The content on this blog is not intended to be a substitute for professional medical advice, diagnosis, or treatment. Always seek the advice of qualified health providers with questions you may have regarding medical conditions.

Alternative Ways To Get Calcium In Your Diet

December 1st, 2017

CALCIUM AND MILK go together like fluoride and toothpaste. Without the former, it can be hard to find the latter. And, like fluoride, calcium is essential to our oral health.

How Calcium Benefits Your Oral Health

We all know that calcium is the main component of our teeth and jaw bones, but our mouths are also made up of gum tissue, muscles, nerves, and blood vessels. Calcium is important for these things as well because it helps them function as they should.

How Much Calcium Do We Need?

The range of calcium intake recommended for the average person on a daily basis is between 1000-1300mg from ages four to 70+ yrs. Children younger than four need about 700mg or less. The numbers vary based on gender and age.

Getting less than 500mg of calcium a day puts you at greater risk of developing gum disease, and the scary thing is that most people don’t meet their daily recommendation. Take a look at the foods you’re eating and make sure you’re including at least 800mg of daily calcium to keep your teeth and oral health in great shape!

 Non-dairy Calcium Sources

Most people can get their daily calcium from milk and other dairy products, but some don’t have that option. Luckily, there are many alternative sources of this crucial mineral, and we’ve made a list of them to help out our dairy-averse patients.

  • Canned fish with the bones in. The bones of small, canned fish are an excellent source of calcium, and they’re soft enough to eat! It’s up to you whether you eat them straight from the can or mix them into a larger meal.
  • Dark leafy greens. Starting at 180mg and reaching about 350mg, kale, spinach and collard greens are the three leafy greens with the highest calcium content.
  • Beans and black-eyed peas. Legumes such as beans and black-eyed peas contain an impressive amount of calcium, with 350mg to 515mg in just one cup!
  • Fortified drinks. Fortified orange juice contains around 1500mg and soy milk has 340mg per cup.
  • Tofu. Most tofu has added calcium, giving it about 860mg per half cup, but you’ll still get between 100-200mg per serving with no calcium added!
  • Broccoli and broccoli rabe. Broccoli rabe (rob) has about 80mg of calcium per 2/3-cup serving and broccoli has about 100mg per 2cup serving.
  • Edamame. With 98mg in just one cup of cooked edamame, it’s a good source of calcium as well as protein!
  • Almonds. Out of all the nuts, almonds contain the highest level of calcium, with 8% of the recommended daily intake in a single ounce.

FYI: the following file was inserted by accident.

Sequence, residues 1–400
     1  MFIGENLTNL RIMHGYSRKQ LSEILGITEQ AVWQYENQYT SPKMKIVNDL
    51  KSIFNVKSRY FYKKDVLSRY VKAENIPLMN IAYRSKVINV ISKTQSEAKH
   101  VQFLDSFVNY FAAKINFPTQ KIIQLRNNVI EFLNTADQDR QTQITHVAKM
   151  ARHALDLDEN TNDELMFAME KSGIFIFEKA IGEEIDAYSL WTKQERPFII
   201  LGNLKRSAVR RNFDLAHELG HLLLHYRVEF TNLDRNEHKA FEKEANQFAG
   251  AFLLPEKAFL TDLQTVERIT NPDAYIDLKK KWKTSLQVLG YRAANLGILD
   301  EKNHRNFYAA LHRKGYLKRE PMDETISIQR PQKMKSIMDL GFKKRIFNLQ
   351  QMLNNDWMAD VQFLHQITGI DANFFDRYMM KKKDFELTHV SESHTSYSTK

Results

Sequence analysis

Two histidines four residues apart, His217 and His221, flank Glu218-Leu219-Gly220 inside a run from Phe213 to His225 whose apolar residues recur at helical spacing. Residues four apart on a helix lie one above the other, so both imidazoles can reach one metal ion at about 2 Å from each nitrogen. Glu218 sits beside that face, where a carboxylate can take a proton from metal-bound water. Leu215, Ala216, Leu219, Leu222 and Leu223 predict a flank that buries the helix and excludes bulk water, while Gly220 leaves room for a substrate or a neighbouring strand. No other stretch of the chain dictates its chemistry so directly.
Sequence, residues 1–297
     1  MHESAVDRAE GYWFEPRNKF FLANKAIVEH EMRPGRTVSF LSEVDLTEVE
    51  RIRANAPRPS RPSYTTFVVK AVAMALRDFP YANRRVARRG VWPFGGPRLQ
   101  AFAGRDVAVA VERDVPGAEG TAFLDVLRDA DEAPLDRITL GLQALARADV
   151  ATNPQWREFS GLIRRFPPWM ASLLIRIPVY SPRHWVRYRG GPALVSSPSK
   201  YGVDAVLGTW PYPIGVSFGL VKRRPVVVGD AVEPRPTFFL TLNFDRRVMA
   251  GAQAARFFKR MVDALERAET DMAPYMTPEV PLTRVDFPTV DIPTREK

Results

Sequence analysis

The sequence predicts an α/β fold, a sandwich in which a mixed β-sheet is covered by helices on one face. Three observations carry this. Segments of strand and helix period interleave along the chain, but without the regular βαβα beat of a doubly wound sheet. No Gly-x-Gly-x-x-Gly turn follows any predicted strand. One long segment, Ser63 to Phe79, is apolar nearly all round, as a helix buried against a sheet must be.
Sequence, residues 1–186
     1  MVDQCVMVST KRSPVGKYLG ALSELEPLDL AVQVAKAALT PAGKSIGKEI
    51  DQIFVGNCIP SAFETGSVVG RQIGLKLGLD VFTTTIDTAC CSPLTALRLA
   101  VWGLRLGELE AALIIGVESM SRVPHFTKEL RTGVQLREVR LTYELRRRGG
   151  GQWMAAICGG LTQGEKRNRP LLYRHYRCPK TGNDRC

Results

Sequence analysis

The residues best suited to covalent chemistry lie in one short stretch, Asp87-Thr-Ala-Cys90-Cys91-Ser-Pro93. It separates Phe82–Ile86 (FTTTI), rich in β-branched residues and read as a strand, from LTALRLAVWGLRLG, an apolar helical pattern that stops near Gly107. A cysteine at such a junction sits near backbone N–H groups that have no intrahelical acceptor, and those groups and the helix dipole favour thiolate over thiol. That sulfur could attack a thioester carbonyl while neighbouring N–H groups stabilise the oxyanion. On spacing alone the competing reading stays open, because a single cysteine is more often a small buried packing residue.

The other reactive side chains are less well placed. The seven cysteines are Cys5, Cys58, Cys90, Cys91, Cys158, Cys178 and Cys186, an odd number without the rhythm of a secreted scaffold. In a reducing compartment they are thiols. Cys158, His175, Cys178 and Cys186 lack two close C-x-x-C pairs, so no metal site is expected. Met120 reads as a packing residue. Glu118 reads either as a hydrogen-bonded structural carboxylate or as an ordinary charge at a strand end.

• Dried Figs. Figs have a sweet, dessert-like flavor, so eating the half cup it takes to get the calcium from them will feel like indulging in a treat!

https://www.youtube.com/watch?v=WrKg55liPog

We Can Help

If you think you may be prone to gum disease or have further questions about how you can improve your daily calcium intake, we’d love to talk to you about it, so schedule a visit with us today!

We love helping our patients keep their teeth healthy and strong!

 

Top image used under CC0 Public Domain license. Image cropped and modified from original.

The content on this blog is not intended to be a substitute for professional medical advice, diagnosis, or treatment. Always seek the advice of qualified health providers with questions you may have regarding medical conditions.

Preparing Your Smile For The Big Day

November 21st, 2017

YOU’VE DREAMED OF THIS day your whole life. You have the ring and the fiancé, the planning is going well, and you’re down to the last few details. Bridals are coming up, and then the wedding itself. You realize there’s something you need to do before you have hundreds of pictures taken of you: perfect your smile!

Whitening: Home Versus Professional

When it comes to teeth whitening, strips, toothpastes, and rinsesare the most cost-effective options. They’re cheap and you can do them yourself, but the results won’t be as good as with professional whitening. It’s critical to start the whitening strips at least one to two weeks in advance, and at least a month in advance if you go with toothpastes and rinses.

Another option is take-home custom whitening trays. These trays do cost more, but they result in better whitening as long as you follow the instructions carefully. We recommend starting whitening trays about one month before the wedding or any important photoshoots.

The highest quality, safest, and fastest route you could choose is professional whitening. Whitening sessions will take place at the dental office and can be pricier than take-home options, but the great results are worth it!

https://www.youtube.com/watch?v=U0whBFt3D7g

Straightening That Smile

Whitening alone will make a beautiful difference to any smile, but sometimes there are other issues to take care of before the big day, such as orthodontics. Orthodontic appliances can be expensive, but the results are life-changing. Having straight teeth and a healthy bite are a huge confidence-booster, in addition to providing health benefits and looking great.

Unlike whitening, which can be done in the last couple of months leading up to the wedding, braces or invisible aligners generally require at least a year, so don’t wait too long to schedule a consultation if you hear wedding bells in your future!

Repairs For Chips And Cavities

One of the factors that determines our oral health is genetics. Unfortunately, that means that sometimes, even the most diligent brushing, flossing, and avoidance of sugary treats aren’t enough to keep cavities at bay. And even when we’re being careful, accidents happen, and a tooth might end up chipped.

If you find yourself facing one of these setbacks before your wedding, veneers and bonding are both great options to consider. Veneers are color-matched to blend in with your natural teeth, resulting in a beautiful, natural-looking smile.

Tooth bonding is a process that covers damaged or discolored teeth with plastic resin. These don’t last as long as veneers, but they can be applied in just one visit. On the other hand, it takes one or two weeks after taking the impression of your teeth to receive your custom veneers.

We’re Here To Help Make Your Special Day Perfect!

We know how hectic it can be to plan a wedding, so we want to make things easier for you by helping you prepare your smile. Whether that means recommending a cosmetic dentist or making a plan for orthodontic treatment, you can count on our practice!

Wishing our patients all the happiness in the world!

 

Top image used under CC0 Public Domain license. Image cropped and modified from original.